Have you been to TED? It is a place to find good presentations of ideas. I go there at least once a week to see what is new or just look for something I have not seen before.
Recently this one talk has captured my attention: The power of vulnerability, by Brene Brown. The talk is about human connection, how it happens, how it works and when it does not work. “When you ask people about connection, the stories they told me were about disconnection.” As people and as people with vitiligo, we know a thing or two about disconnection. “Is there something about me, that if people know it or see it, that I won’t be worthy of connection.” It is universal for humans. It is particular to people with vitiligo. We experience a fear of rejection in a way that is different for people without vitiligo. Still, we are all human and we can learn from each other, whether people have vitiligo or not, we can still learn from each other. I would be curious to hear what you all have to say about this talk, embedded below here:
Have you considered vulnerability to be a personal strength? Is it possible that vulnerability allows for significant personal connection? This is what is discussed.
Considering these ideas has brought about there thoughts: We are vulnerable to the people around us and we have vitiligo. We are not vulnerable because we have vitiligo. Vitiligo does not make us vulnerable. We are vulnerable to people because we are people.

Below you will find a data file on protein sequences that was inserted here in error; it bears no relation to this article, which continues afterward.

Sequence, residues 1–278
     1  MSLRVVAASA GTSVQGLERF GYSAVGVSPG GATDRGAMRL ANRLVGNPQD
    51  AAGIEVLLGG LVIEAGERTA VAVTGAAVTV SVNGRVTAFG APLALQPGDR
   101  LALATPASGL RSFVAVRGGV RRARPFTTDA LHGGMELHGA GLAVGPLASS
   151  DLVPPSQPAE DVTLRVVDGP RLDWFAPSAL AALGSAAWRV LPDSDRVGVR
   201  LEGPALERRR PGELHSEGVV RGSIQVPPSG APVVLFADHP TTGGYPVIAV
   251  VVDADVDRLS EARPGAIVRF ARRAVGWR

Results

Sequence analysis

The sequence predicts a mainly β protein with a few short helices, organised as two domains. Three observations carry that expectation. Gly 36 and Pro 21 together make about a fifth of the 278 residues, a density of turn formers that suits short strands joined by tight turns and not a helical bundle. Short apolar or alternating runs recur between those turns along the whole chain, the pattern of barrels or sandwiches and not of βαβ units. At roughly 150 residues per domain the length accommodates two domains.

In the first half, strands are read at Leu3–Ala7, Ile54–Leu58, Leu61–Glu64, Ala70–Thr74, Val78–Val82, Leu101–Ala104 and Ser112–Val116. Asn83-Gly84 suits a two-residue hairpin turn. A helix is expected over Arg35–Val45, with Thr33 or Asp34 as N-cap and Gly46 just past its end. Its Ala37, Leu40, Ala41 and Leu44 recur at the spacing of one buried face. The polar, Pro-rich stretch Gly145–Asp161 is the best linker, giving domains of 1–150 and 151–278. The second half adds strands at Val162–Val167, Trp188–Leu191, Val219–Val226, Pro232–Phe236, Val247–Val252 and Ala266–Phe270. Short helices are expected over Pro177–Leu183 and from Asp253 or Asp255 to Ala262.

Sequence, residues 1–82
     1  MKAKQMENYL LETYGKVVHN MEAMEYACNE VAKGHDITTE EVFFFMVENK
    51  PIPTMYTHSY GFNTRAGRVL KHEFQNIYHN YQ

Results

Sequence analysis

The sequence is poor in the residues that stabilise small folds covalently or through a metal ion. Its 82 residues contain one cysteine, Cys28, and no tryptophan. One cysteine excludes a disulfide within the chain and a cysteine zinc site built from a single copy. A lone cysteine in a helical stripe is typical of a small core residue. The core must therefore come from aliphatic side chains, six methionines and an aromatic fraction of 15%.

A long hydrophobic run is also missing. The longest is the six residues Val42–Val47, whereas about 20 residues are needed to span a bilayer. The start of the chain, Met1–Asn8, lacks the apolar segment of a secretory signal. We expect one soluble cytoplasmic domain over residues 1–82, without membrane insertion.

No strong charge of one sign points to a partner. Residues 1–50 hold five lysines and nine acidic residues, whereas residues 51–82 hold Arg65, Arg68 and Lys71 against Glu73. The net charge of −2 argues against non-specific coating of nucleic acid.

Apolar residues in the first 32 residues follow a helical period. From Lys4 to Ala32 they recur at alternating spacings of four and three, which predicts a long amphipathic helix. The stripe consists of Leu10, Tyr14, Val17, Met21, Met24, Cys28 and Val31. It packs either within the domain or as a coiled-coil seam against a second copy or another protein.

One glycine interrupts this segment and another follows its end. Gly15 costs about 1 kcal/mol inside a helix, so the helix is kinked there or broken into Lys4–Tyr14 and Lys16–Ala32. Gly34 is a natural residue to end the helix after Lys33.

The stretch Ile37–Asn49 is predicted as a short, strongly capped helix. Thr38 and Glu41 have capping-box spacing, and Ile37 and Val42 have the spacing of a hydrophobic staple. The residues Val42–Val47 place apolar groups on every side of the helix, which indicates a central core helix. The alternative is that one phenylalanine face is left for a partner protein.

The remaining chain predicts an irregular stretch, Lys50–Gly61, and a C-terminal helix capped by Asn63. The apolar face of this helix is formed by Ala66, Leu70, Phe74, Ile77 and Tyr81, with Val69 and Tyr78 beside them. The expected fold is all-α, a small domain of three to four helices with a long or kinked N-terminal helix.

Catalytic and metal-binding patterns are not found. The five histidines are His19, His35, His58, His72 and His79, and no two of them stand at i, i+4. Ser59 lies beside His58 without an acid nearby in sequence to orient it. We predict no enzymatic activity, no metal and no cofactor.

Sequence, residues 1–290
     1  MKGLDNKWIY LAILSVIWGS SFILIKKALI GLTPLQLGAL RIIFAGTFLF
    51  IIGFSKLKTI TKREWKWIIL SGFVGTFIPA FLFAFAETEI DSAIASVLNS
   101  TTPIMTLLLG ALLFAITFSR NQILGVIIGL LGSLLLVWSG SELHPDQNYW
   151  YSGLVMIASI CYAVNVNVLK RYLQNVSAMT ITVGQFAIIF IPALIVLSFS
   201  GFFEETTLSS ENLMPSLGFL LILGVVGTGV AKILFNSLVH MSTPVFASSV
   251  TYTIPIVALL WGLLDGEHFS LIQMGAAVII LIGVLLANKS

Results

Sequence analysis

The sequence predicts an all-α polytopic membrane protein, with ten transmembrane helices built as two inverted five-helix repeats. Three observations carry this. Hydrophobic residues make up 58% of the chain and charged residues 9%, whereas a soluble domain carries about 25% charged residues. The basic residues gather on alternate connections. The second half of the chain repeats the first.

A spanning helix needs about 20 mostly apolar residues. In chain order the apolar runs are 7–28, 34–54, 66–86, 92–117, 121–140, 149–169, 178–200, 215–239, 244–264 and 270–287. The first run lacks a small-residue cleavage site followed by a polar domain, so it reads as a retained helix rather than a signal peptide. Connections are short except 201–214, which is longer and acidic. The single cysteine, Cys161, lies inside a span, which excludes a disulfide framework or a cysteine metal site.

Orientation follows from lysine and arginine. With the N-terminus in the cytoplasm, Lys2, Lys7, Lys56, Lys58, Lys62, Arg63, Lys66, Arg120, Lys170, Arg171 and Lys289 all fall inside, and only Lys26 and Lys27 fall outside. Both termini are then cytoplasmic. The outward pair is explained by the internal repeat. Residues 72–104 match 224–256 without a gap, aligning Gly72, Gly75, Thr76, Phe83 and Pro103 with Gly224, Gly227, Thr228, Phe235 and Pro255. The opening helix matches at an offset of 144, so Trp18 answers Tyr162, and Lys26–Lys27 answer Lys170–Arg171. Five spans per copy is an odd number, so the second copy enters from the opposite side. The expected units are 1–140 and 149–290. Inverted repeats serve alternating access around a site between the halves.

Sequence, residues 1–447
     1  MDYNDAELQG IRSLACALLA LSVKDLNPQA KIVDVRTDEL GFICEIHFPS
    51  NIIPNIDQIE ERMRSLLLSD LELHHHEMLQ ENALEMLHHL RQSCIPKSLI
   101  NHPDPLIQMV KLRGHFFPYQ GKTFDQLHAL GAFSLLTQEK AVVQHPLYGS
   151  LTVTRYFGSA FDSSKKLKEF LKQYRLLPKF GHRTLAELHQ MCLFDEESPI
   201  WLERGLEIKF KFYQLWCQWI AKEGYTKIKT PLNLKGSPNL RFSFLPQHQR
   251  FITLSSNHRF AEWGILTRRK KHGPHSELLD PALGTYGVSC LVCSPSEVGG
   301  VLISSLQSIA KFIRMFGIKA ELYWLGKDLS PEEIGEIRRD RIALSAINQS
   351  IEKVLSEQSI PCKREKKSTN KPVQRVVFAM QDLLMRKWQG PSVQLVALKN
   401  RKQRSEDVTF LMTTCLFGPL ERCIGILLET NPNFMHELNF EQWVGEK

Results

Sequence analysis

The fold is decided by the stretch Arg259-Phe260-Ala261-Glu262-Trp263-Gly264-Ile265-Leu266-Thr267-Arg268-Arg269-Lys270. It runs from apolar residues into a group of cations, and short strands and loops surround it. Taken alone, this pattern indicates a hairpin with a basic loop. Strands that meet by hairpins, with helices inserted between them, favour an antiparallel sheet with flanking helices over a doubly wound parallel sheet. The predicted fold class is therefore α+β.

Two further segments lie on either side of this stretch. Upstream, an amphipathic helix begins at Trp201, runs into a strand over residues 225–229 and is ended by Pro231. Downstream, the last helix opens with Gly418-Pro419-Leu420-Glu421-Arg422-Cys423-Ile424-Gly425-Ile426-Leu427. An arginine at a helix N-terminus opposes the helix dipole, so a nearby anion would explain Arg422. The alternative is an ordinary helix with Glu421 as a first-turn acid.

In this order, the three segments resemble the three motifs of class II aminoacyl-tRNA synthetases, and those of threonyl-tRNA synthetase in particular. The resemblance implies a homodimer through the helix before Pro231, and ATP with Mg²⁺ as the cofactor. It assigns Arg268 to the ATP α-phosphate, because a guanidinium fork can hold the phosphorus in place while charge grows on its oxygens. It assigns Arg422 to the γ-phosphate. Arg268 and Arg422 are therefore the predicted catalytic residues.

We walk outside with spotted skin, two tone skin and hope that we will not be judged less beautiful than others. We hope that people will not notice. We hope that we will be accepted for who we are. We hope that we will be loved in such a way that our vitiligo will not matter. These are human concerns. All humans have these same concerns. The concerns of a person with vitiligo are colored by the disease vitiligo, yes, but they are universal human concerns.
We feel shame about a broad range of things. I wonder if having vitiligo will prevent someone from loving me in the same way someone wonders if they are too quirky enough to be loved, or too this or too that.
There is an endless supply of shame that we don’t confront in our lives. For me, shame will be something that I will confront as best as possible. When I am in the right company, I will talk about it. I will not allow shame to affect my life as it has in the past.
How does shame function in your life? What are you doing to rid yourself of shame?